Classic British Bike Magazine

Norton Commando

Excess vibes. Poor maintenance. Cracked frame.


Norton Commando front Isolastic mount. This vernier kit from Mick Hemmings worked for us. The trick, we hear, is to tighten it for minimal movement. But don't lock it up or you'll pay for it.

The Problem


My first 750cc Norton Commando taught me an expensive lesson about the importance of keeping the three Isolastic engine mounts adjusted properly. I'd owned the bike for around six months, and I hadn't done much else to it except change the oil once, replace the plugs, wipe it twice with a rag and ride the hell out of it. I put around 3,000 miles on that bike and kept meaning to adjust the rubber mounts.


I knew that these mounts needed to be checked and shimmed every so often to get the very best out of the Commando. But part of the reason I'd avoided doing this was laziness. Not laziness with the spanners, you understand, but mental laziness. I just couldn't get it together to read up on exactly what needed to be done.


Norton Commando Isolastics; the way ahead according to this Norton brochure


Two's company, but a threesome is better—according to Norton's PR department. Sexism aside, the system worked and still works decades on. But until you've tried a Commando, you won't really appreciate the usefulness of a little rubber in the right place.



In any case, when you ride a bike every day, you slowly adjust to the changes in performance and handling and braking, and I didn't notice how far it had slipped. It was only when I rode another Commando that I realised how bad mine had become. So it finally got the attention it needed.


However, my first attempts at adjusting the Isolastics were pitiful. I didn't understand the shimming issues. A lot of corrosion had got into the mounts. And I was working in lousy lock-up garage conditions.


The Norton Commando Isolastic frame; a revolution in motorcycle chassis technology

But I spent hours trying to adjust the shims correctly. My manual advised me to tighten the shims to somewhere between 0.010" - 0.020" (ten thousandths of an inch to twenty thousandths of an inch). Sounds simple in principle, but if you're a bit cack-handed and unused to the finer points of engineering, it can be tricky (and most of my adjusting is usually done with a curse and a sledge hammer). Note: For more on Isolastic clearances see Sump visitor feedback below.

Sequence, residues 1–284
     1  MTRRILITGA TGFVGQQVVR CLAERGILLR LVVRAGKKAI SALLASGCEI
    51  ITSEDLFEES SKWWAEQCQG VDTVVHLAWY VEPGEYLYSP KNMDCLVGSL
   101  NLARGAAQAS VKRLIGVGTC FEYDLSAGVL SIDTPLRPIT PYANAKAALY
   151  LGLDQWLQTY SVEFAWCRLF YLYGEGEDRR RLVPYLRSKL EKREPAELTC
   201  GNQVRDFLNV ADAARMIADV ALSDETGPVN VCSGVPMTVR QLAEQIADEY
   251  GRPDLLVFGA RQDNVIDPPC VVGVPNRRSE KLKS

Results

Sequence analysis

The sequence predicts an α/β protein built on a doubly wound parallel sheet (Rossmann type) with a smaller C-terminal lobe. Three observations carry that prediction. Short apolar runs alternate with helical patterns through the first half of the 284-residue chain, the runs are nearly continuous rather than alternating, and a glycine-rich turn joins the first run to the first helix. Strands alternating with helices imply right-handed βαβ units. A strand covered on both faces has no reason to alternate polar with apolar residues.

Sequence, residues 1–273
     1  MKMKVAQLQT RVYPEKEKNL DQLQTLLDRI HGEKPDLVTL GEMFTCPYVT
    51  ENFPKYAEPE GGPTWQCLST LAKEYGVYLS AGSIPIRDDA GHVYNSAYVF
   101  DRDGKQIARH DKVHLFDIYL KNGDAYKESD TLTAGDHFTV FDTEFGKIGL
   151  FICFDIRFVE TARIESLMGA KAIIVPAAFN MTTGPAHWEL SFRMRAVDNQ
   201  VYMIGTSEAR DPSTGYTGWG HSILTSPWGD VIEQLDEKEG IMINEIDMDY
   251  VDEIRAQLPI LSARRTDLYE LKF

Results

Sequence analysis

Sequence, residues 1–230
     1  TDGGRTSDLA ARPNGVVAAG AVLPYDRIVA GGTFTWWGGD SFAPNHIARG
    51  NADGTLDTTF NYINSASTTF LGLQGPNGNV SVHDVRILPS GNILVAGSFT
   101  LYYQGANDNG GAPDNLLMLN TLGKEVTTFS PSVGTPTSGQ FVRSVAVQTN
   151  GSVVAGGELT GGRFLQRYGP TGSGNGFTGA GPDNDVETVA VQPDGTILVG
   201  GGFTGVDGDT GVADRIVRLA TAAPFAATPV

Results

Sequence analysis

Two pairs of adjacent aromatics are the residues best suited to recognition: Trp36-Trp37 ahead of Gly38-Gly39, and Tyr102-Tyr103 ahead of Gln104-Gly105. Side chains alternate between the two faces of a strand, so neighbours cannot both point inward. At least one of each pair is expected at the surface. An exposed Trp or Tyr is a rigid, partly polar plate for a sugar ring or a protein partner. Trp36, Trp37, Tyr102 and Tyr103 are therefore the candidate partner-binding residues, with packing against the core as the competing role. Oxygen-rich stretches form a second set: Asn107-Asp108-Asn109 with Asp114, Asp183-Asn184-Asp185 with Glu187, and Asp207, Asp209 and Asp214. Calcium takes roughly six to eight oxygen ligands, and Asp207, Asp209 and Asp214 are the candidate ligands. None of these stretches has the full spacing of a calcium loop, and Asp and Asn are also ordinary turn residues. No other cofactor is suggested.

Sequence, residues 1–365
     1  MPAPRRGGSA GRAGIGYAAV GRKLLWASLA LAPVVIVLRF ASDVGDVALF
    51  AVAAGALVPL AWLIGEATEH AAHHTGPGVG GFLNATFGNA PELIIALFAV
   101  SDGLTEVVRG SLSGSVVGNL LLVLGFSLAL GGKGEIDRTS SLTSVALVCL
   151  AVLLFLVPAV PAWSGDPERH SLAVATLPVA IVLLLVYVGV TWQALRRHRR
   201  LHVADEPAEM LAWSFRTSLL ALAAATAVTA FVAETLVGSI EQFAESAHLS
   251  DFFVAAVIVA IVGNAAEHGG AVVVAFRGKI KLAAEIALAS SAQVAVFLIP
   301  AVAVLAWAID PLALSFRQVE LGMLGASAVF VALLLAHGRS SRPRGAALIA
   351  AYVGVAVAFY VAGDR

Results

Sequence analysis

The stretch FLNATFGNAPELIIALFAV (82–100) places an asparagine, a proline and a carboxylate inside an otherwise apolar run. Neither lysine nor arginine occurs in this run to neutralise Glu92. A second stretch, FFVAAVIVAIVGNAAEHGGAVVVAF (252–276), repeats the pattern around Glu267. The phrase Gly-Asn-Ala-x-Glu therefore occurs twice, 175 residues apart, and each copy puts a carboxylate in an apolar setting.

I took the bike for a ride after I'd fiddled with it, but didn't much like it. So I adjusted it some more. There are three mounts; front, rear and top. The rear one was the awkward one, however. In the end, after various attempts, I was as satisfied as I figured I was going to get. A month later, the frame developed a nasty crack right above that mount.


Stupid. Stupid. Stupid.


Norton Commando Isolastic kit from Mick Hemmings


Mick Hemmings will sell you this vernier adjuster kit for your Norton Commando Isolastic engine mounts. These are easy to fit and adjust. Yes, there are other kits around, but the Hemmings set-up hit the right spot for us.




The Solution


This involved a complete strip down. Various other problems came to light, none of which were related to the Isolastics. The engine came out. Swinging arm too. A friend welded up the frame and did a fantastic job. I spent about two days cleaning it all up. Another friend got his spray kit out and used a tiny air brush thingy to paint over the damage. He used a two pack paint and got a near perfect colour match (tip: All black isn't the same black).